Some people may get the impression that it’s safer to kick back with a little crack cocaine or heroin rather than imbibing a few cocktails after they read recent headlines reporting on a new study in the Lancet medical journal. Professor David Nutt, chairman of Britain’s Independent Scientific Committee on Drugs (ISCD) and expert adviser to the European Monitoring Center for Drugs and Drug Addiction (EMCDDA), devised a new scale and used multicriteria decision analysis to rank the most harmful drugs based on the damage they inflict to the user as well as the wider society and found that alcohol was the most harmful overall. In fact, the authors assert that alcohol is almost three times as harmful as cocaine or tobacco.
“Alcohol is more dangerous than cocaine? Well, that’s quite a headline until you actually read the article and find that the criteria used in this study are quite different than what one might imagine,” says ACSH’s Dr. Elizabeth Whelan.
In his risk assessment, Dr. Nutt defined personal harm criteria to be drug-specific or drug-related death, damage to health, drug dependence and loss of relationships, while harm to others consisted of crime, environmental damage, family conflict, international damage, economic cost and damage to community cohesion.
Dr. Whelan was further troubled that the researchers categorized alcohol as the most dangerous drug based on its more profound societal effects, not individual health effects. “This is a matter of dose, and the study presupposes that everyone who drinks alcohol is abusing it, when in fact moderate alcohol consumption can actually increase longevity.”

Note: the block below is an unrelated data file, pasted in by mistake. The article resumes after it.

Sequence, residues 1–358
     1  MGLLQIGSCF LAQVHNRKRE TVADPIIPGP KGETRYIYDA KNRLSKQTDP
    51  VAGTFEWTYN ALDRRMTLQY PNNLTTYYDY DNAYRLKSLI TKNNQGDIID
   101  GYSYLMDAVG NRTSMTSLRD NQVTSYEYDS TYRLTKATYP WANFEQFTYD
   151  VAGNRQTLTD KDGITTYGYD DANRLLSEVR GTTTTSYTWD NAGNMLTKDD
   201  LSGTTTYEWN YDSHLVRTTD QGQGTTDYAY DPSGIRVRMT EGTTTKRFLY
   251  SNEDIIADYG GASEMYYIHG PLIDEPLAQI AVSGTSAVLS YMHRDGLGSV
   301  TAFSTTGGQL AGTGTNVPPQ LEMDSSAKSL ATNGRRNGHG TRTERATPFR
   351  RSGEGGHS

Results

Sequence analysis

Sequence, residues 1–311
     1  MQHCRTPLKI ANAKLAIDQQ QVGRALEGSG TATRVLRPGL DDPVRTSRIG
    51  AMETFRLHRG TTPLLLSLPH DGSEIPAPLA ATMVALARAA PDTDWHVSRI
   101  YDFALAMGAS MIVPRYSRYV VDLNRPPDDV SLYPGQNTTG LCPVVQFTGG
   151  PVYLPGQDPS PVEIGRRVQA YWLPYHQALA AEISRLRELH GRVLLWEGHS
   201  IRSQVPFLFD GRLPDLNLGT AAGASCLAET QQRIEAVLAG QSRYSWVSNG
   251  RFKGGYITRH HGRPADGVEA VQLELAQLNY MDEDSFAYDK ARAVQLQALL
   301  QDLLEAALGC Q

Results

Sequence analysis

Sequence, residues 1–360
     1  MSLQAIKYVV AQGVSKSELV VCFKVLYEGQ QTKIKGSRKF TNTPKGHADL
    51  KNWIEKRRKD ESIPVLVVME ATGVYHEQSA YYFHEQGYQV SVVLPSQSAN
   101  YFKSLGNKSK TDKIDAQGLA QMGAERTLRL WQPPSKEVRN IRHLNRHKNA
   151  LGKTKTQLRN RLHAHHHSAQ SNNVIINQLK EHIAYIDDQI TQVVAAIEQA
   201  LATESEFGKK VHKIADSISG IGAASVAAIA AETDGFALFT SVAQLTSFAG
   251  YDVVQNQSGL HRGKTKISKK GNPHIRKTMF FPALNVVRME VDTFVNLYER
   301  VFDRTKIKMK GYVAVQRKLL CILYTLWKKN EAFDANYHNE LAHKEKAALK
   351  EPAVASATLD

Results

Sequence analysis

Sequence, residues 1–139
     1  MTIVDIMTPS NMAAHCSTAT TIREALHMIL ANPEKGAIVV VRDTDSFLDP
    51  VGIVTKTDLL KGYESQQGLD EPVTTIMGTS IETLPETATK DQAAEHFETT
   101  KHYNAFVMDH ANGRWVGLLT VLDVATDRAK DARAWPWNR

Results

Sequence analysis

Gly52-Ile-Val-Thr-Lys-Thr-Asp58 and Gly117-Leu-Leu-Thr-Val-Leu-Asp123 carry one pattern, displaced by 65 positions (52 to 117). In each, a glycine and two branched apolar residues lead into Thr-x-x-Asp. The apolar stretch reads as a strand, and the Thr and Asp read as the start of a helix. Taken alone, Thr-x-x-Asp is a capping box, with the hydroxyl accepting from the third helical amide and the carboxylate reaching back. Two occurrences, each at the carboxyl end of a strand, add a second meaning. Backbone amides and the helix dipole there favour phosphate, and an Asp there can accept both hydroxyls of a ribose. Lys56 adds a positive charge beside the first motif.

Drugs were given a “harmfulness score” of between zero and 100, with alcohol receiving a score of 72, followed by heroin (55) and crack (54). The least-harmful drugs were found to be magic mushrooms with a measly score of just 5, while LSD raked in 7 points, and anabolic steroids and ecstasy each received a score of 9.
ACSH’s Dr. Gilbert Ross points out that Dr. Nutt’s criteria is a figment of his own personal anti-alcohol agenda and the scale used is completely arbitrary. “According to this ranking system, tobacco is rated as the sixth most harmful drug! Yet, when we survey the health-related consequences of these substances, we find cigarette-related disease and death ubiquitous, while most of the others are much less apparent. This study can be easily misunderstood, and kids will say to themselves, ‘Cocaine isn’t nearly as bad as alcohol or cigarettes, so why shouldn’t I use it?’ This is a completdely inappropriate way to judge the potential harm of a substance.”
Dr. Ross further notes that it is not valid to compare the harm of a substance such as alcohol, which is used by over one billion people, to the much smaller cohort of individuals who use illicit drugs. “I condemn this study for its faulty criteria and the alarmist headlines that ran with this idea even further.“